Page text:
The author, Tsao Hsueh-chin (1715-1763) came from a powerful and wealthy family and lived a privileged life as a child in Nanjing. Later, he became poor and struggled to survive. Going from wealth to poverty provided him with the necessary experiences to write this tragic story.

Although this novel (English translation available on Amazon in addition to a film selection) has great literary merit on many levels, there is difficulty keeping the characters straight—there are more than four hundred characters and almost thirty are major.  The plot, like most Chinese novels, meanders and doesn’t always flow in the same direction.

Nevertheless, readers and students of Chinese history/culture should read this book to develop a better understanding of Imperial China during the Ch’ing Dynasty. The novel paints a vivid portrait of a corrupt feudal society on the verge of the capitalist, market economy we see flourishing in China today.

Another plot is the Romeo and Juliet love story between Chia Pao-yu and Lin Tai-yu, who—like Romeo and Juliet—wanted to be free to marry anyone they desired.

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Lloyd Lofthouse is the award-winning author of My Splendid Concubine [3rd edition]. When you love a Chinese woman, you marry her family and culture too. This is the love story Sir Robert Hart did not want the world to discover.

His third book is Crazy is Normal, a classroom exposé, a memoir. “Lofthouse presents us with grungy classrooms, kids who don’t want to be in school, and the consequences of growing up in a hardscrabble world. While some parents support his efforts, many sabotage them—and isolated administrators make the work of Lofthouse and his peers even more difficult.” – Bruce Reeves.

lloydlofthouse_crazyisnormal_web2_5

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Raise the Red Lantern: a look at China’s concubine culture

June 18, 2014

This film was directed in China by Zhang Yimou in 1991, and it offers a view of life within a closed, culture of patriarchy (male dominated). The film is set in the 1920s during the Warlord Era, and it focuses on the ever-shifting balance of power between the various concubines while the husband ignores much of what’s going on—taking his pleasures when he feels like it.

Before 1949, women in China were the property of men who did what they wanted with that property.

China’s central government approved of the screen play but then banned the film for a time, because it paralleled the return the concubine culture in today’s China where wealthy married men support single women (the concubines) and often buy them apartments in trade for exclusive sex and companionship. But there is a difference. Today, in China, women are not the property of men as they were in 1920.

In fact, when my wife and I lived in Southern California, we ate at a small restaurant near our home. The owner was a former concubine of a wealthy Chinese man, who paid her off and sent her packing when she got too old. He used his influence and wealth to help her reach the United States while he went in search of a younger beauty to replace her. She used the money he paid her to leave to start a business in the U.S. She was lucky. Many modern-age concubines are just abandoned and have to find another master to support them and beauty fades.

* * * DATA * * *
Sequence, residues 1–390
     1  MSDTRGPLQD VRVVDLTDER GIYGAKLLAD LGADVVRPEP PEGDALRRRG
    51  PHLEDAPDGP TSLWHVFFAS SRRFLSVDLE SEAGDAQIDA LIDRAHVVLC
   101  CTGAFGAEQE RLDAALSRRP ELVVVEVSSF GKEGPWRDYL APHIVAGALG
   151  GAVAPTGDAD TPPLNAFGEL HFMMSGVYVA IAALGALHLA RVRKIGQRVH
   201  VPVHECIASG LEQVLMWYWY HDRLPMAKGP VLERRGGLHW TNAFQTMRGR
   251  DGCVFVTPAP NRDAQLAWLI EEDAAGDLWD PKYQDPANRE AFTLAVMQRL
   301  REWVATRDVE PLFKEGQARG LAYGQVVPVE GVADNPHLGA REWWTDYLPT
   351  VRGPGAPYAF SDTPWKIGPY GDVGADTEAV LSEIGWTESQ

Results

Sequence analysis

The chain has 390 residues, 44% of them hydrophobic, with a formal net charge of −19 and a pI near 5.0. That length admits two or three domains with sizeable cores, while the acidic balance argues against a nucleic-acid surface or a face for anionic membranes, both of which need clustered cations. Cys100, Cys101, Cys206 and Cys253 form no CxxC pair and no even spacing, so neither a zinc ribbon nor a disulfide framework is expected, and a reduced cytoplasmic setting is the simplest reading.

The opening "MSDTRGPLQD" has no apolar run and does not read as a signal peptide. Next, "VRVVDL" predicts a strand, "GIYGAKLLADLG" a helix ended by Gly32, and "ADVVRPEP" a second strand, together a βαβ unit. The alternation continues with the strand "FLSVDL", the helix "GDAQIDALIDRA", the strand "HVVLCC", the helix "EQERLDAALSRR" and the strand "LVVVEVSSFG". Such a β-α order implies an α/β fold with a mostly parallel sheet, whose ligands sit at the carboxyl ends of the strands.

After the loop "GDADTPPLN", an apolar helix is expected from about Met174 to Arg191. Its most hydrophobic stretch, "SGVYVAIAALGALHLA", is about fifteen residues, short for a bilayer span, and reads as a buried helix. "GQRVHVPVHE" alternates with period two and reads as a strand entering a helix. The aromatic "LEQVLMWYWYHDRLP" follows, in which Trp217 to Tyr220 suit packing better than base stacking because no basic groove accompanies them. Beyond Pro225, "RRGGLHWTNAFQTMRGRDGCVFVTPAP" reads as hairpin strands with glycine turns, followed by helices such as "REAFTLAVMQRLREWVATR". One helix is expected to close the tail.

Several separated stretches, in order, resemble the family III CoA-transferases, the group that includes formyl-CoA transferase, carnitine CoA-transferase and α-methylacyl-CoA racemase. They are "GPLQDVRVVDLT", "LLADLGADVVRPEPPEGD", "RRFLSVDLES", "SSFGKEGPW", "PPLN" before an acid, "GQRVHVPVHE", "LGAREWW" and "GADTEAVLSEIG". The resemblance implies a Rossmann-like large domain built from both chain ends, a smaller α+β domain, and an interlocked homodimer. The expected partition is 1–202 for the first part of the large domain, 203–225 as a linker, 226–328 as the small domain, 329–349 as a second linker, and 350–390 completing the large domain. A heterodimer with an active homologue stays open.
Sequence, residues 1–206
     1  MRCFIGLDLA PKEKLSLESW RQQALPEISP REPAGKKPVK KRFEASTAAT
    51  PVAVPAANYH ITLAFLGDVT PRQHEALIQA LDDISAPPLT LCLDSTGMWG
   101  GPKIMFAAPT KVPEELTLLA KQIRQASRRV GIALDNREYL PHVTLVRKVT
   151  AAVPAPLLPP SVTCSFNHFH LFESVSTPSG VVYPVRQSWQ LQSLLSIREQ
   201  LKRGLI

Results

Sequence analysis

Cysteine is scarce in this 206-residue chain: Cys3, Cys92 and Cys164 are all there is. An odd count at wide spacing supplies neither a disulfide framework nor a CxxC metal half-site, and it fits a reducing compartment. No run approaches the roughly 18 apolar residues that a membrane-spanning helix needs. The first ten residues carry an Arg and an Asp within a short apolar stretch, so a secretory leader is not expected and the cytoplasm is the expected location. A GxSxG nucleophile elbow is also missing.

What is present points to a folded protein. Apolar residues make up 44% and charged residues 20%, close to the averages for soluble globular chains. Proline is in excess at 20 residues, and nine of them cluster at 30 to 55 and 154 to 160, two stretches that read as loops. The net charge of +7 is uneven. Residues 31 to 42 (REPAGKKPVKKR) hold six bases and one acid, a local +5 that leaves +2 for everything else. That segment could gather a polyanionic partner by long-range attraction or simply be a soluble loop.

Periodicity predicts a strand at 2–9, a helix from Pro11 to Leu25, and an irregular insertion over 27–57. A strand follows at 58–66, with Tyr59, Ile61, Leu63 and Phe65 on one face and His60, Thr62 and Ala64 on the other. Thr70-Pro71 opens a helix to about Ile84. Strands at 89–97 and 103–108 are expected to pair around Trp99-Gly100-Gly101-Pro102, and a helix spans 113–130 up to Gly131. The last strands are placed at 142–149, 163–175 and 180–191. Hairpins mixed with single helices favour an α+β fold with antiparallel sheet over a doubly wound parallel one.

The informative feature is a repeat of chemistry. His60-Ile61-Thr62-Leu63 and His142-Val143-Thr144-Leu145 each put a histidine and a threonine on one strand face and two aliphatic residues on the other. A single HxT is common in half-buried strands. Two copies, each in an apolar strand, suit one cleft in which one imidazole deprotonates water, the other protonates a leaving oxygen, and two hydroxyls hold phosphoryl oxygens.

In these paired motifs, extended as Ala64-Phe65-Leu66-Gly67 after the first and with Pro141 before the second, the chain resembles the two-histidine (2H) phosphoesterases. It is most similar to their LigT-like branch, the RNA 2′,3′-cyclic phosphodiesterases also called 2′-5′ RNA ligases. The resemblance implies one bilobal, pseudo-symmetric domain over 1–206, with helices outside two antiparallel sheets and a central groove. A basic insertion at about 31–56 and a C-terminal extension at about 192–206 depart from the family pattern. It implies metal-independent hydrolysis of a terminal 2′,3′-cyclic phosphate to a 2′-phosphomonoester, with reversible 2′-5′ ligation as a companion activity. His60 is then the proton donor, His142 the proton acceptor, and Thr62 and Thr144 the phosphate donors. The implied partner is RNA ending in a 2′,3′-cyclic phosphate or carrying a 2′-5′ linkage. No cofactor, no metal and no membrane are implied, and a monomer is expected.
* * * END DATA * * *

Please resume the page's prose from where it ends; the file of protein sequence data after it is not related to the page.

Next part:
_______________

Lloyd Lofthouse is the award-winning author of My Splendid Concubine [3rd edition]. When you love a Chinese woman, you marry her family and culture too. This is the love story Sir Robert Hart did not want the world to discover.

His third book is Crazy is Normal, a classroom exposé, a memoir. “Lofthouse presents us with grungy classrooms, kids who don’t want to be in school, and the consequences of growing up in a hardscrabble world. While some parents support his efforts, many sabotage them—and isolated administrators make the work of Lofthouse and his peers even more difficult.” – Bruce Reeves.

lloydlofthouse_crazyisnormal_web2_5

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A close look at Inner Mongolia through “Wolf Totem”

June 17, 2014

Another way to learn about China is through Chinese literature and film. Jiang Rong is the pen name for Lu Jiamin, a Chinese citizen and author. Set during the Cultural Revolution, Wolf Totem describes the education of an intellectual living with nomadic herders in the grasslands of Inner Mongolia.

The publisher of Wolf Totem says this novel is an epic Chinese tale and that’s true. Wolf Totem taught me a lot about this almost extinct culture. I learned about the fascinating connection between wolves and Mongols and why this connection may have been the reason why Genghis Khan was so successful in his conquests.

I recommend this novel to anyone who wants to learn more about the life of the Mongols and another perspective of Mao’s Cultural Revolution.

However, the theme that runs through the novel of maintaining a balance with nature is a bit overdone. I got the message the first time the characters talked about it but then the topic comes up repeatedly—a bit too much but an insignificant criticism of a book worth reading

I won’t give away the ending, but don’t expect it to be happy. Most Chinese novels don’t end with happy endings.

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Lloyd Lofthouse is the award-winning author of My Splendid Concubine [3rd edition]. When you love a Chinese woman, you marry her family and culture too. This is the love story Sir Robert Hart did not want the world to discover.

His latest novel is the multiple-award winning Running with the Enemy.